I once read a very provocative article written by a Catholic priest in which he said that a lot of church-going people never really get baptized.
What he was proposing was that we Catholics, we Christians in general, are seldom truly baptized people. Yes, he admits, we’ve all gone through the ceremony. We’ve had the water poured over our heads. But, then, he insists, way too many of us have gone on living our lives pretty much like everyone else. No real difference can be observed.
He said, in his article, that true baptism is the moment when you understand what your life’s purpose really is. When you understand the meaning of life, you wake up one morning and say to yourself: I get it. You have come to a deeper understanding of life.
He goes on to say that true baptism is different from living life on “cruise control.” It’s different than just going through the motions of living: growing up, going to school, getting married, having children, getting a job. These are very important moments and valuable achievements in a person’s life.
But often they are just door openers to life’s next stage of “cruise control” living.
His point is that often people never allow themselves to fall into that surrender that creates a different set of eyes through which they can see a deeper meaning to “what it’s all about.”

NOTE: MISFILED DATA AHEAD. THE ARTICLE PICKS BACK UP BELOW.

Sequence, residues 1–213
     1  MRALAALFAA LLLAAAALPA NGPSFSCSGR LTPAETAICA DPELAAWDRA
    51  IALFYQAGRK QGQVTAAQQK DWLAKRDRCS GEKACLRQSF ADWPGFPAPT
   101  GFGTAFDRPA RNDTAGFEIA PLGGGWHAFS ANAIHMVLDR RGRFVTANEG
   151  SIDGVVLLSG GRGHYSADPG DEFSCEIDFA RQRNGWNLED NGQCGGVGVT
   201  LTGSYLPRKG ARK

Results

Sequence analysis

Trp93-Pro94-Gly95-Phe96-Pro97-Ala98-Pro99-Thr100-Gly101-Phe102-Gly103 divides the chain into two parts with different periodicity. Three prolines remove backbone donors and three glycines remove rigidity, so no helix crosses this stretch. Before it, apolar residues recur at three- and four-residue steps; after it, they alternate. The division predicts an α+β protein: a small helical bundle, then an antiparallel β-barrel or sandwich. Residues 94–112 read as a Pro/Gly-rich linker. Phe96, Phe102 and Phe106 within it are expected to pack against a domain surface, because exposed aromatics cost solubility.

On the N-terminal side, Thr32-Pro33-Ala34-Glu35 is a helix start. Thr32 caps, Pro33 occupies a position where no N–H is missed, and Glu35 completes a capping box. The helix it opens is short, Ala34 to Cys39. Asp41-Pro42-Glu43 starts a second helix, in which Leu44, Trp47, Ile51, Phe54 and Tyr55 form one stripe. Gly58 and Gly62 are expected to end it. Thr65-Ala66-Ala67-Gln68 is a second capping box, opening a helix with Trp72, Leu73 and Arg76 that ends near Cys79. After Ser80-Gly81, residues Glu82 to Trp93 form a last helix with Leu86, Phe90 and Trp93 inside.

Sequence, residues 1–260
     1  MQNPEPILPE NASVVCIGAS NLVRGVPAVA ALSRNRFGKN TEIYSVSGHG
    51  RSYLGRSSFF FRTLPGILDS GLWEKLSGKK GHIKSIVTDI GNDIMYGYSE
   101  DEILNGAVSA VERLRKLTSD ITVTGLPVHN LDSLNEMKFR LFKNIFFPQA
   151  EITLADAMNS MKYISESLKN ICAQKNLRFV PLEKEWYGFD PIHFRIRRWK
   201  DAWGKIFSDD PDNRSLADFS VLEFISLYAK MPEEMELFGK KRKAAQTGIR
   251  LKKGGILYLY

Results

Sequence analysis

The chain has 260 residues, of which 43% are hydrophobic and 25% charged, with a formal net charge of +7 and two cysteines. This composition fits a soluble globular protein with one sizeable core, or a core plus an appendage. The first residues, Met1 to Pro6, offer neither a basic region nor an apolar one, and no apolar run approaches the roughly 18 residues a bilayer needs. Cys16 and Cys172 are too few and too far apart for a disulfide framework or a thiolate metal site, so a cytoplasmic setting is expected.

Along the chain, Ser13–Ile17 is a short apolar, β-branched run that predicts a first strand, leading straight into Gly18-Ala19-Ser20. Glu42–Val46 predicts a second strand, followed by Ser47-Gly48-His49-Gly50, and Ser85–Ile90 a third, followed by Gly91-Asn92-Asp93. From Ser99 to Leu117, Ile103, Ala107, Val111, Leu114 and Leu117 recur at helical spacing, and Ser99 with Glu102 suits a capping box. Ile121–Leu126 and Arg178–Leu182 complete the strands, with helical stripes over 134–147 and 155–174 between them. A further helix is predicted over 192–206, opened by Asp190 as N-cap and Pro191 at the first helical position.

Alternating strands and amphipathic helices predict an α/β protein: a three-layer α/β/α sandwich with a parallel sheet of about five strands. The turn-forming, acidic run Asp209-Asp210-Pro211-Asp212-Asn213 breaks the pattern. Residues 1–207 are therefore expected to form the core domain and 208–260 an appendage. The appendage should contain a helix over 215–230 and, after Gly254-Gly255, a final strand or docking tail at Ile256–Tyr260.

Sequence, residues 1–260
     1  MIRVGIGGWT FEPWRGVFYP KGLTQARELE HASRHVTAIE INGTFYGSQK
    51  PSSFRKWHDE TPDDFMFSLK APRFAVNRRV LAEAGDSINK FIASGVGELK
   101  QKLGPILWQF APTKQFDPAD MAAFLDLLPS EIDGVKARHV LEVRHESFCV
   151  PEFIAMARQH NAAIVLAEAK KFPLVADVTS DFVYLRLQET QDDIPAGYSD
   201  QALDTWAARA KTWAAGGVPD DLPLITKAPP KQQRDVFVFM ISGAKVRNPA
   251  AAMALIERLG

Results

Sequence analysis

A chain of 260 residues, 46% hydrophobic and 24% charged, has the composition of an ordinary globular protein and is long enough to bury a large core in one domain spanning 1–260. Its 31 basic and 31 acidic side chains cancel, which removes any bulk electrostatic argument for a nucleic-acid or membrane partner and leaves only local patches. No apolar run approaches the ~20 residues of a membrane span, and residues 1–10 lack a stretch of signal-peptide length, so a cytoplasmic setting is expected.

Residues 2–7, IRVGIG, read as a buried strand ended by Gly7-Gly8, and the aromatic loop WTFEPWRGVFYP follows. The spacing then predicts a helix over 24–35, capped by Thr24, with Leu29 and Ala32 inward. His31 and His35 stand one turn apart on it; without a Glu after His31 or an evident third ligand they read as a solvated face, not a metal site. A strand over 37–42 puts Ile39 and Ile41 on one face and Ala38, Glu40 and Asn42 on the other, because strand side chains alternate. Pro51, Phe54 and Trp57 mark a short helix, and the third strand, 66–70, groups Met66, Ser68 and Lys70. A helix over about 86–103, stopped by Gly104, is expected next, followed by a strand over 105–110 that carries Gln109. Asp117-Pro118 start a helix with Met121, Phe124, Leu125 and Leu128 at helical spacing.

The kind of baptism that he’s talking about does not often come in moments of achieving greatness. It usually happens when we are faced with experiences of failure, of abandonment, of betrayal, of deep hurt, of sin.
The good news is that this kind of pain can bring gain — if we allow ourselves to be taught by it; if we allow ourselves to enter into a deeper experience of God.
When that happens, we are in effect joining Jesus in his plunge into the river Jordan, or, like St. Paul, stricken from our life of power and self-sufficiency on our own road to Damascus.
The point this priest was suggesting stresses that true baptism involves much more than a ceremony of pouring water. It’s when you discover your soul and begin living out of that experience. It’s when you surrender finally to the magnitude of God’s love and allow it to be the deepest meaning of your life.
That’s when you’re baptized.
That’s also exactly what happened to the man named Jesus. He was 30 years old at the time. He had lived a bit, perhaps failed a bit.
And then “it” happened.
Each of the Gospel writers tried to communicate this major transformation within Jesus by telling of the opening of the heavens and the overshadowing by a dove. The words: “This is my beloved Son in whom I am well pleased” rang from the clouds.
In today’s reading, though, the Gospel of John adds something very different. He tells of John the Baptist giving Jesus a title not found anywhere else in the Gospels: The Lamb of God.
This signature tells us about the kind of God with whom Jesus has become fully united. He is a God not to be viewed in terms of spectacular power and majesty. Instead, he is to be seen as a lamb: gentle, meek, tender — a lamb who opposes the misuse of power, a lamb who joins us in our agonies and terrors.
Jesus is calling us today to immerse ourselves again in the water that will allow us to be truly baptized and will re-make us into gentle followers of the Lamb of God.